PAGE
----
Sacred Pond & Ashokan Pillar:

Maya Devi, the mother of Prince Siddhartha, is supposed to have bathed in the Sacred Pond. A 50-60 ton Ashokan Pillar has been erected beside the sacred pond. In 249 BC, Indian Emperor Ashok brought the pillar, which was identified with a Pali inscription. This proof established the birthplace of Siddhartha Gautama. In the 7th century, a thunderbolt destroyed this pillar. In 1312, Nepalese King Ripu Mall paid a visit to Lumbini with an evidence carving slogan, Om Mani Padme Hum. Near the Sacred Pond, there is a Bodhi tree.

Maya Devi Temple (Birthplace of Buddha):

In the 3rd century BC, Maya Devi Temple was built near Ashokan Pillar, with a marker stone indicating Prince Siddhartha’s exact birthplace. Buddhist and Hindu pilgrims gather to this temple every year on the full moon day of Baisakh to commemorate Buddha’s birth anniversary. A nativity sculpture with an activity of the prince’s delivery time is on exhibit. In addition, the temple contains ancient remains.

Monastic Zone:

There is a world peace lamp, a Buddha statue, and 42 plots of monastic land. Different countries monastery associated to Vajrayana and Theravada Buddhism may be seen, such as German, Chinese, Burmese, Mahabodhi Society, and Thailand. There includes a museum, Lumbini village, and a birds sanctuary.

Tilaurakot:

King Suddhodhana’s Tilaurakot palace in Kapilvastu, where Prince Siddhartha spent his first 29 years, located 27 kilometers west of Lumbini Garden. This is around an hour’s drive from Lumbini. This palace is home to old ruins, a grove of trees, King Suddodhana and Queen Mayadevi’s Stupa, a museum, and the palace’s west gate.

Lumbini Peace flame:

The Eternal Peace Flame is a continual flame that is guarded and burns 24 hours a day, 365 days a year here at the river’s mouth. It burns to represent world peace and is particularly lovely when the sun sets to view the full impact.

Visit Crane Sanctuary:

Cranes play a significant role in Buddha’s stories. As a result, they have a sanctuary dedicated only to their preservation, as well as a conservation site for a variety of other local species. The reserve, which is near to the World Peace Pagoda, is thought to be home to over a hundred pairs of cranes, including the uncommon Sarus Crane.

Meditate:

It is impossible to discuss Buddhism without mentioning the concept of meditation. Tourists in Lumbini frequently try their hand at various meditation techniques. While most tourists enjoy relaxing and reflecting under the Bodhi Tree, a number of meditation institutes in the vicinity provide programs with Buddhist monks for individuals seeking serious direction and wanting to join the community.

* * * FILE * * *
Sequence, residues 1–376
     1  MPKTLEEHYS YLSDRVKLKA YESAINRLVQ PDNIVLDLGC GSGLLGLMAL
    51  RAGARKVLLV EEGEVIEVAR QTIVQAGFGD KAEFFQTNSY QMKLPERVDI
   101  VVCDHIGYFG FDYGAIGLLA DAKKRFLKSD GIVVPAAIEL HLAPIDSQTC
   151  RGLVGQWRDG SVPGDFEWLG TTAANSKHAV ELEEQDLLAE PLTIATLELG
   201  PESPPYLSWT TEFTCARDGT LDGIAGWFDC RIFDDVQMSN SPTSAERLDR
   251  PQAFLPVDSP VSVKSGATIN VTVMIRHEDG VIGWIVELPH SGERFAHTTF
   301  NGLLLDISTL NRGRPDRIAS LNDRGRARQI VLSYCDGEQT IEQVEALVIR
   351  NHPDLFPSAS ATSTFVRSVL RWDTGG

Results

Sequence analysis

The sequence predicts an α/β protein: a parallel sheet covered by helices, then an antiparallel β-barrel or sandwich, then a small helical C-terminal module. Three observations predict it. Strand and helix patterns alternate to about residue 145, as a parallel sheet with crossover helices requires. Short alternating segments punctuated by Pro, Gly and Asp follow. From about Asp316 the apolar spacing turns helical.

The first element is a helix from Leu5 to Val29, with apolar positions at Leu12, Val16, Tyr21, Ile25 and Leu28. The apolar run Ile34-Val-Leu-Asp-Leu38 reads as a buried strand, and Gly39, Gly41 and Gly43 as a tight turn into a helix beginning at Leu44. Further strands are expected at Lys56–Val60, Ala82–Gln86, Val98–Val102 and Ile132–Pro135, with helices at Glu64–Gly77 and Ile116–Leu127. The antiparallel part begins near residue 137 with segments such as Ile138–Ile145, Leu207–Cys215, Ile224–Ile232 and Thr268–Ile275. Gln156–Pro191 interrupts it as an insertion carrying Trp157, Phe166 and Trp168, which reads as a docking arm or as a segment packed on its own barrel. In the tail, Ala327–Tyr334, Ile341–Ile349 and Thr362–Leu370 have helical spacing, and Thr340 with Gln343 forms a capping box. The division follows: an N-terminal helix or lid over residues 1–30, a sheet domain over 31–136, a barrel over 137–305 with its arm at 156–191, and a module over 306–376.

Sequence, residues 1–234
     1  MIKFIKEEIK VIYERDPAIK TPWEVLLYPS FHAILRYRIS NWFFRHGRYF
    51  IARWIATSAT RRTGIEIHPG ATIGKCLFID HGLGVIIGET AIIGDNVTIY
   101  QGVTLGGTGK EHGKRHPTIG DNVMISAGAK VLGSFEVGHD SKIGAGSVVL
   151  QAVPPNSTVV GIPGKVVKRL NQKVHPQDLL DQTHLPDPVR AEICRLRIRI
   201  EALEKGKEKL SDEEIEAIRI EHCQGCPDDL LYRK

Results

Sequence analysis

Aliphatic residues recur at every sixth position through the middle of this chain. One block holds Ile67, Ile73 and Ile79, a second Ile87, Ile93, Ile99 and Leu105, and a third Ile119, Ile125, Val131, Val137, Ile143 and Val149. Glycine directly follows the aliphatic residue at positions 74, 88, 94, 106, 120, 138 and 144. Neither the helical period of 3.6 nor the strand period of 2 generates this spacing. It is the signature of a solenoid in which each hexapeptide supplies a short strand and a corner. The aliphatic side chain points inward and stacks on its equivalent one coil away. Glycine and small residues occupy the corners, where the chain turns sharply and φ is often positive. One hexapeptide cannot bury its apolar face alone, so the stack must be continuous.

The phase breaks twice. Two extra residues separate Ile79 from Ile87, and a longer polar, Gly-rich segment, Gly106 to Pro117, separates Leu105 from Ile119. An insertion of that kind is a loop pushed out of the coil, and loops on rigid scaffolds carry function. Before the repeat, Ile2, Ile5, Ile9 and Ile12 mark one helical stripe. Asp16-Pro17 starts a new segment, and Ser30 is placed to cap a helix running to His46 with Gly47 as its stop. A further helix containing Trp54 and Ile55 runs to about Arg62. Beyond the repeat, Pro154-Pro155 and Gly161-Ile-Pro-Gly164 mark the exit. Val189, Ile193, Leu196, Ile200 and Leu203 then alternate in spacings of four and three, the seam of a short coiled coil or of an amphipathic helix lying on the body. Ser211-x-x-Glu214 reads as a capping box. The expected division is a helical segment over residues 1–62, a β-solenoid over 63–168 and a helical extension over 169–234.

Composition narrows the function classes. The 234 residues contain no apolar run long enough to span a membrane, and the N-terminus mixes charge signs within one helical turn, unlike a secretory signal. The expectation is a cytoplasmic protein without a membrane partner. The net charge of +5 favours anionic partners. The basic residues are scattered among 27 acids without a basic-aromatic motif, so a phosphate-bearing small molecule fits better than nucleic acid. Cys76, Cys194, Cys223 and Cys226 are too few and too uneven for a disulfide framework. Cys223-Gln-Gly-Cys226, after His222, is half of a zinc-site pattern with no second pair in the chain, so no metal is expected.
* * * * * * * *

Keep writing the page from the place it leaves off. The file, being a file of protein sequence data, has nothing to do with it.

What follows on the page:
Best seasons for Lumbini tour:

Lumbini has four seasons, however Nepal has two distinct seasons that are the greatest times to visit. The greatest seasons go from early March until the end of June, and then again from September to the end of December.

In addition, due to the moderate quantity of sunshine and mild cold, spring (October-November) is another time of year when travelers like visiting Lumbini. The precipitation is significantly lower than in the summer, making travel and tourism more enjoyable. Traveling to Lumbini during the winter months (December-early February) can be chilly, as there is likely to be a lot of frost. Summers, on the other hand, will most likely be hot and humid (June-August).

Lumbini Tour Entry Fee:

The entrance cost is NRs 16 if you are an Indian. The entry cost for other SAARC nationals is NRs 100. Nepalese and Indians pay the same amount for a video camera and professional filming.

The entry charge for any foreign national would be 750 rupees. Outside of SAARC, professional filming will cost Rs. 37000($350), while a still camera will cost Rs. 200.

Final Remarks:

Lumbini is a magnificent sacred destination that many Nepalese are proud of. It’s easy to get there, and there’s much of historical, theological, and cultural learning to be had. Make sure you don’t miss out on this stunning location while in Nepal.

Lumbini Tour FAQs:

What is the best time to visit Lumbini?

The finest time to visit Lumbini is in April and May, when the Buddha Jayanthi, or the birth of Lord Buddha, is commemorated with much pomp.